Follow Slashdot stories on Twitter

 



Forgot your password?
typodupeerror

Comment Re:What languages? (Score 3, Interesting) 1359

As an American programmer who has successfully emigrated to Brazil, I have two pieces of advice:

1) Marry a local in your destination choice. Your spouse will teach you the local language. That will solve most paperwork issues.

2) If you decide on a country with a weaker curreny, start your own company focused on international clients. You will be competitively priced in your clients country, and the foreign currency will convert favorably. Be prepared to wait a while until you have clients. You might be able to find local work until then.

Neither of those two is easy or right for everybody, but moving to another country isn't for everyone either.

As for Brazil, imho the government tries as hard as they can to ignore you, and complaining to the government is part of the culture so you can do it as much as you like.

Comment Re:Sean's speech at ESC about making a 3G devic (Score 2, Insightful) 219

Uh, with the limited developer resources openmoko has always had, spending a year on a cancelled project is clearly poor management. Releasing the Freerunner with broken hardware is also poor management. I'd feel better about openmoko's chances as a company if they fired the management instead of all the developers. That never happens though - which is often why companies fail.

Comment Re:Of course we will... (Score 1) 219

Makes me wonder how many good ideas are ruined by poor implementation. I'm betting this is a very large number. The problem is that people throw out the baby with the bathwater and so they might conclude that open-source phones are inherently a bad idea, instead of concluding that this group failed to design/produce them correctly.

Leonardo da Vinci sketched a car, and Karl benz according to the US patent office did more than any person to make it a reality, yet neither got the credit. Openmoko I think will be like that - computers are getting smaller, netbooks are the rage, projects like openPandora are pushing opensource hardware to its current limits, ie, the timing is right.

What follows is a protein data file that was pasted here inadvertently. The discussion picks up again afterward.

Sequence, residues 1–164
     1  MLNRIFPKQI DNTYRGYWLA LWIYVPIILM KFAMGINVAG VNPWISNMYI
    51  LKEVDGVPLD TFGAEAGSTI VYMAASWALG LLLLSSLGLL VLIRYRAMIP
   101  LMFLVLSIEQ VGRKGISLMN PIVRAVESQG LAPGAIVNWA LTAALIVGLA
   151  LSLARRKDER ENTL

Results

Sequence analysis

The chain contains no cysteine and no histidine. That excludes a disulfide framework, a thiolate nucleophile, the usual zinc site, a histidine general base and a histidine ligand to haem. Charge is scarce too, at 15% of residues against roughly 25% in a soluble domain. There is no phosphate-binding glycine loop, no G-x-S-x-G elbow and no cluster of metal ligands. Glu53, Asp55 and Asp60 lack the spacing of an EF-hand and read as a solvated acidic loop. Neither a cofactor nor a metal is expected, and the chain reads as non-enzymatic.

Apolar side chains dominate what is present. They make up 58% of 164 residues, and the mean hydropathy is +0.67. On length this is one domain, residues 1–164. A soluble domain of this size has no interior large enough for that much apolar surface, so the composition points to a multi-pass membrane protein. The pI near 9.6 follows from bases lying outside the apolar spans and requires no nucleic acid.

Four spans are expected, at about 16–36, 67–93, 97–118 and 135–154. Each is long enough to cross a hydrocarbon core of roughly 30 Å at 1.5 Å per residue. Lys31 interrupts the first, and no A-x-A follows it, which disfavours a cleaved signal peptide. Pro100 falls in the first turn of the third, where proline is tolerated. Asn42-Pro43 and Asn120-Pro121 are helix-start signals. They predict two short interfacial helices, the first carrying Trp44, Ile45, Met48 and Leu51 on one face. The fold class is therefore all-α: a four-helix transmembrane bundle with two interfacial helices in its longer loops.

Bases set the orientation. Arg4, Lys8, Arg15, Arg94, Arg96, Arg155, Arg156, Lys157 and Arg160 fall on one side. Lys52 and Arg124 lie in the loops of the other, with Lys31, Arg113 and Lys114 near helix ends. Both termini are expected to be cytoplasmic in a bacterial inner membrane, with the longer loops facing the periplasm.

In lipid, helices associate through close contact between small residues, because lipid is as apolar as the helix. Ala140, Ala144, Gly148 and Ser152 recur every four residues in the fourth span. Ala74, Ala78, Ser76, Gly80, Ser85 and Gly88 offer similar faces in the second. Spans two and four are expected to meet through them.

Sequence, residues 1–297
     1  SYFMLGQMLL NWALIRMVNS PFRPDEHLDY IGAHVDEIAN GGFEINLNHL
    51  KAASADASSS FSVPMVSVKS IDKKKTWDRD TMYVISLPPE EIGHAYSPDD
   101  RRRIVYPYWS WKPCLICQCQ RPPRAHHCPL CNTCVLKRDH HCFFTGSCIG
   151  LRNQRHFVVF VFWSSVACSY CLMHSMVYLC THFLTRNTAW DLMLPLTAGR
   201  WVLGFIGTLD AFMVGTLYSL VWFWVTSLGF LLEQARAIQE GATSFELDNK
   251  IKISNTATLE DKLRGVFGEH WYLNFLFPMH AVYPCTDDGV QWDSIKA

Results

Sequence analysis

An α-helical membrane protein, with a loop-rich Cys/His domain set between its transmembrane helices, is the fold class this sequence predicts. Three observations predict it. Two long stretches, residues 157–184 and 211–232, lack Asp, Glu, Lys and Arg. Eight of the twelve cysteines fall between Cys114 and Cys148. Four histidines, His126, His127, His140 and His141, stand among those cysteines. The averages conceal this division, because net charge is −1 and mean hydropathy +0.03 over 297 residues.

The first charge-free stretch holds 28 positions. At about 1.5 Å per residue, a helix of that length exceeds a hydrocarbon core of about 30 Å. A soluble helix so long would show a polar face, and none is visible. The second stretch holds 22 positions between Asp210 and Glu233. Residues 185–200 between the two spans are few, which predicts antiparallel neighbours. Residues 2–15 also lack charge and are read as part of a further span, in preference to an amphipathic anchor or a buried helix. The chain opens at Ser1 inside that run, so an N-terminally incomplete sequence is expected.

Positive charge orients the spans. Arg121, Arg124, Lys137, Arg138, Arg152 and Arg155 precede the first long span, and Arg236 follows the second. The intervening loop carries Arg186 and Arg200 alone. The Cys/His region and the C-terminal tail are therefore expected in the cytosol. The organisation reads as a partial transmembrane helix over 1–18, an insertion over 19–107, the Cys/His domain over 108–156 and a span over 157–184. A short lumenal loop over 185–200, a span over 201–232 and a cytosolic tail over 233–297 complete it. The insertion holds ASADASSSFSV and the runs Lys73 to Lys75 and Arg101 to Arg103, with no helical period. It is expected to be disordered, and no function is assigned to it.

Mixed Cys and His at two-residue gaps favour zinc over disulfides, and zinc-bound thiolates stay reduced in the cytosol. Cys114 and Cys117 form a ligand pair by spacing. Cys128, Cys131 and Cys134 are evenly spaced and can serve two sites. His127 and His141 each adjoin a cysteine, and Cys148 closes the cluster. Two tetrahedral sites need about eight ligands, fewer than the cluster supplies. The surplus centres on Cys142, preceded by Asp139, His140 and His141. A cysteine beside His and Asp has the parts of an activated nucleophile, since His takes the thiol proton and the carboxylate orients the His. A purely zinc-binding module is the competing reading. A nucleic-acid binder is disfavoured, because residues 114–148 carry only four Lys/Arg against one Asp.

Its only a matter of time before decent management and funding will make an opensource phone happen. Maybe Android is it, but its just too much java imho to get the outside developer attention needed to make an embedded platform grow.

What I think is obvious to most of the people involved with openmoko is that they have had bad management, which will kill any project. They were always understaffed, and they spent a year on a canceled project. The fact that they pretend that their developers leaving is not a problem reminds me of several other experiences first hand - and none of those companies are here today.

Comment Abandon ship date, abandon ship (Score 3, Insightful) 219

Openmoko is now earily similair to a zombie company - keeps blowing sunshine while its developers quits or gets fired in droves, they stop building products, the only ones left are in marketing, and they linger on without doing much. The facts are:

1) The 10,000 phones are mostly of the 900mhz variety, which has a "buzz" issue that makes the phone unusable. You need to go to a "buzz fix" party to do a non-trivial hardware mod. The "A7" version that fixes these issues is in perpetual delay, with no release date in site.

2) The only two paid kernel developers have left this last month or have announced they are leaving, some key hardware guys have left in the last two months. Some key UI people have left over the last 6-8 months.

3) They've abandoned the next model, the GT03, and they have publicly stated no 3G without a guaranteed sales of 50,000 units.

I like the idea of Free software on mostly open hardware - only they can't for whatever reason get the hardware part right. I think the software is not the problem, its the hardware. The Freerunner has been described as a Porsche body with a lawnmower engine, and looking at openPandora, I scratch my head and wonder why its like that.

IMHO its like any project that is going down the tubes - far too few developers on a project changing scope too often.

Hardware's not easy - I damn near went insane from the politics of embedded linux projects myself - but I can't imagine working with a constantly changing hardware scope while everyone is leaving. I'd be pleasantly surprised if openmoko makes a comeback at this point - the first problem is I wonder how they could attract talent in the future, even if they could afford it.

Slashdot Top Deals

grep me no patterns and I'll tell you no lines.

Working...